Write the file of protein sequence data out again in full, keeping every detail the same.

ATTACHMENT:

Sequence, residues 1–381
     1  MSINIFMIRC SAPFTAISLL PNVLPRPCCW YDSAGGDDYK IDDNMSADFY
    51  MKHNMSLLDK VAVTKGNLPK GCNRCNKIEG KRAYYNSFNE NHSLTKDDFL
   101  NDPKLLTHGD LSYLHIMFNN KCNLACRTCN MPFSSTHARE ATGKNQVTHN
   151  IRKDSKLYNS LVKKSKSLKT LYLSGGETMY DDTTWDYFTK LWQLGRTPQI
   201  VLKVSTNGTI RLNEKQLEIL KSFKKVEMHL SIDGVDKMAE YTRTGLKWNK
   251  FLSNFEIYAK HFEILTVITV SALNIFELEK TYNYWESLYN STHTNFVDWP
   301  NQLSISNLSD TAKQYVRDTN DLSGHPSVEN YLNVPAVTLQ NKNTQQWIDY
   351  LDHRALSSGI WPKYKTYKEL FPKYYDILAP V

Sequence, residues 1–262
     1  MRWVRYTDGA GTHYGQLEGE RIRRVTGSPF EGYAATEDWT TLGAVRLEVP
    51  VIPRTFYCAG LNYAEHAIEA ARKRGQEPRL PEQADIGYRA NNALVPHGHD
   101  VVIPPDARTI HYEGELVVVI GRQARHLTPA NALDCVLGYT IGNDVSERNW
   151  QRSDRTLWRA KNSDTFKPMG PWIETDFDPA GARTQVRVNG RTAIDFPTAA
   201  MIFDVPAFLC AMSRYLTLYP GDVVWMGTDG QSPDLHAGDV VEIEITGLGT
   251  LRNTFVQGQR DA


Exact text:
Sequence, residues 1–381
     1  MSINIFMIRC SAPFTAISLL PNVLPRPCCW YDSAGGDDYK IDDNMSADFY
    51  MKHNMSLLDK VAVTKGNLPK GCNRCNKIEG KRAYYNSFNE NHSLTKDDFL
   101  NDPKLLTHGD LSYLHIMFNN KCNLACRTCN MPFSSTHARE ATGKNQVTHN
   151  IRKDSKLYNS LVKKSKSLKT LYLSGGETMY DDTTWDYFTK LWQLGRTPQI
   201  VLKVSTNGTI RLNEKQLEIL KSFKKVEMHL SIDGVDKMAE YTRTGLKWNK
   251  FLSNFEIYAK HFEILTVITV SALNIFELEK TYNYWESLYN STHTNFVDWP
   301  NQLSISNLSD TAKQYVRDTN DLSGHPSVEN YLNVPAVTLQ NKNTQQWIDY
   351  LDHRALSSGI WPKYKTYKEL FPKYYDILAP V

Sequence, residues 1–262
     1  MRWVRYTDGA GTHYGQLEGE RIRRVTGSPF EGYAATEDWT TLGAVRLEVP
    51  VIPRTFYCAG LNYAEHAIEA ARKRGQEPRL PEQADIGYRA NNALVPHGHD
   101  VVIPPDARTI HYEGELVVVI GRQARHLTPA NALDCVLGYT IGNDVSERNW
   151  QRSDRTLWRA KNSDTFKPMG PWIETDFDPA GARTQVRVNG RTAIDFPTAA
   201  MIFDVPAFLC AMSRYLTLYP GDVVWMGTDG QSPDLHAGDV VEIEITGLGT
   251  LRNTFVQGQR DA